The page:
I have written frequently on the many risks to businesses due to their reliance on spreadsheets for calculations. The lack of auditability of changes made to spreadsheets and subsequently, the difficulty in tracing errors mean that the risks they pose in highly regulated complex financial environments are huge.
So I wasn’t exactly surprised when it turned out that a spreadsheet error lay at the heart of the current failure of policy in the Eurozone.
A seminal paper on economics produced by two renowned economists Reinhart and Rogoff showed conclusively that countries whose debt rose over 90% of GDP would suffer low-growth for many years.
Those in favour of a full-blown austerity approach to resolving the Eurozone crisis have used this paper extensively. Imagine their dismay when it turned out that the 90% figure was incorrect as the spreadsheet that derived it missed a few rows in one of its calculations. The populations of the countries suffering from the worst effects of the crisis, which are having a rigid austerity process forced upon them by the bailout programmes, are less than impressed that the data that it was all based on was incorrect.
The fear that people who are suffering excessive cuts in services, increases in taxes and unemployment and general economic malaise would take to the streets has led to a hurried climb-down from the great and the good within the EU. They are now making speeches about austerity having gone far enough and hoping no one asks them directly why their entire failing policy was based on a document that has been discredited by a simple spreadsheet error.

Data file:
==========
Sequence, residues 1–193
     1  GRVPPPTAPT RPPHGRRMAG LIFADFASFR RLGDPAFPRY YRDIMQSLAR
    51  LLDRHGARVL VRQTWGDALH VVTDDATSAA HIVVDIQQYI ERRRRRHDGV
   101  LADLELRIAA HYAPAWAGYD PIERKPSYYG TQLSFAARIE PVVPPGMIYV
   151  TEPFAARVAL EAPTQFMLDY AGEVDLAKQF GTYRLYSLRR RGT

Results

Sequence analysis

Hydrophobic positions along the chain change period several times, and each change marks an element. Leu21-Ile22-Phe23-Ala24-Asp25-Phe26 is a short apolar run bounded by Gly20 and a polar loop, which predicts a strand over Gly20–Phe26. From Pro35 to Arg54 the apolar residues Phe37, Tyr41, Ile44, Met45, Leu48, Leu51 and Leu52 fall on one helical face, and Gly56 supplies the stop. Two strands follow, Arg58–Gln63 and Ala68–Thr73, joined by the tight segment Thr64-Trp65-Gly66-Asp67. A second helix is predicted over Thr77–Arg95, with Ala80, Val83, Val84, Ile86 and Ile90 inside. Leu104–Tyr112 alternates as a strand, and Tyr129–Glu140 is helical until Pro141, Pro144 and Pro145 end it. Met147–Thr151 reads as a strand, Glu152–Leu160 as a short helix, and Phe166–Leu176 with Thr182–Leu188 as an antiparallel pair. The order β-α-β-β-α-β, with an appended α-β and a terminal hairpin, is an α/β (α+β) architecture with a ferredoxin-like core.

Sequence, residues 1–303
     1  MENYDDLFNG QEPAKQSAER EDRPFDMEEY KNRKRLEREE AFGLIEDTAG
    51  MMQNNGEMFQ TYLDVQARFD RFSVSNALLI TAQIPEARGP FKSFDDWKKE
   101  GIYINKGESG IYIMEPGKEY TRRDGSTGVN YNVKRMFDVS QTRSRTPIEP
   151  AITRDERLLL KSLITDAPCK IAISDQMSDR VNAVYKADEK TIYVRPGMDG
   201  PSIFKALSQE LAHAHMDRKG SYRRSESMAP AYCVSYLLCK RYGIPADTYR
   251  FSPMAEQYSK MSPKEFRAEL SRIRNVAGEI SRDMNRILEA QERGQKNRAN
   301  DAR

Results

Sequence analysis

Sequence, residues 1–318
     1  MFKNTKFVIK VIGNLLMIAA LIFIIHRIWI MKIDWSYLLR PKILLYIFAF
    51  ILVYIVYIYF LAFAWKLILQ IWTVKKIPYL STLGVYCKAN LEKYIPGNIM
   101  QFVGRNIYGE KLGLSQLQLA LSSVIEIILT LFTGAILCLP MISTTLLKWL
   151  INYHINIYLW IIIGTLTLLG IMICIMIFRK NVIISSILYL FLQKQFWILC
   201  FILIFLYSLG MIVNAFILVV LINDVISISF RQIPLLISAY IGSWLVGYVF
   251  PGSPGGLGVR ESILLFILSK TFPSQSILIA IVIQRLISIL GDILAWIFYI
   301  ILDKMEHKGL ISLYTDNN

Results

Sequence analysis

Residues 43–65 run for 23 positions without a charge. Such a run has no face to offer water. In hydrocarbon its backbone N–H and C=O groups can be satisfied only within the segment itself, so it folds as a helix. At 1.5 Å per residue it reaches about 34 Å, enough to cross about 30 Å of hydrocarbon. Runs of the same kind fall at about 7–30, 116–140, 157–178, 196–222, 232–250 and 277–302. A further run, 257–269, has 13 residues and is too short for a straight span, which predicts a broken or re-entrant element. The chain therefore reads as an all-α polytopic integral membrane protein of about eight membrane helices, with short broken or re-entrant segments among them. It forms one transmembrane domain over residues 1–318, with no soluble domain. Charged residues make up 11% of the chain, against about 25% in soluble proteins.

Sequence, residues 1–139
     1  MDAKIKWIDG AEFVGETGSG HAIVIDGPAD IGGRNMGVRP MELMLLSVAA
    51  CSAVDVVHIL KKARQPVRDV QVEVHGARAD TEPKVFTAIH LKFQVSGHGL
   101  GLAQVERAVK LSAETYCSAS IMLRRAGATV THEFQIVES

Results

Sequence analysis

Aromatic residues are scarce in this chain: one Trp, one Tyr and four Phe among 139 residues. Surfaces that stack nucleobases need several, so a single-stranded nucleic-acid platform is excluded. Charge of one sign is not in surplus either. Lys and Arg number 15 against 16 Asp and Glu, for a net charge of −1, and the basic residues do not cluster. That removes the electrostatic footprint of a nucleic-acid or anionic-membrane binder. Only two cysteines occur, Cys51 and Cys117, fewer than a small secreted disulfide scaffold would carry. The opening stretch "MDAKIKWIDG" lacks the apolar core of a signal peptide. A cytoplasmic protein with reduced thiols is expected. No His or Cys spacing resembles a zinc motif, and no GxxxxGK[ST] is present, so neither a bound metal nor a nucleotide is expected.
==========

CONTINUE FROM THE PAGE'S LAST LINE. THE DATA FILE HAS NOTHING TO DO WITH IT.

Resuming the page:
While most spreadsheet errors will not cause this level of international misery, all companies are at risk of serious detriment if they rely on spreadsheets for key risk calculations within their business. There have been frequent cases of major fines being imposed by different countries’ regulators on firms who do not have fully auditable means of showing how they derived the values they do for complex financial products. For example in the UK the FSA have fined Citigroup £13.9 million (2005), Credit Suisse £5.6 million (2008) while in the US, the SEC have fined Goldman Sachs $225,000 (2010) for spreadsheet mismanagement.
Too many financial institutions seem happy to ignore the risk, particularly life and pension companies. The addiction of actuarial departments to spread sheets continues unabated. Fascinated to the point of paralysis by the power of spreadsheets, they continue to use them for key calculations and illustrations despite their unsuitability. Spreadsheets are extremely vulnerable to the quality of the data input and to the difficulty in tracking any changes made.
These risks are exacerbated by the mobility of the workforce in the 21st century. As a result, many spreadsheets now being maintained by people who were not around when the originator developed them. Once the originator is gone, poor documentation and specification means that the current maintainer has little ability to correct any errors that occur and may not even spot them until it is too late.
The recent debacle in the Eurozone should give all those who are responsible for risk management pause for thought.
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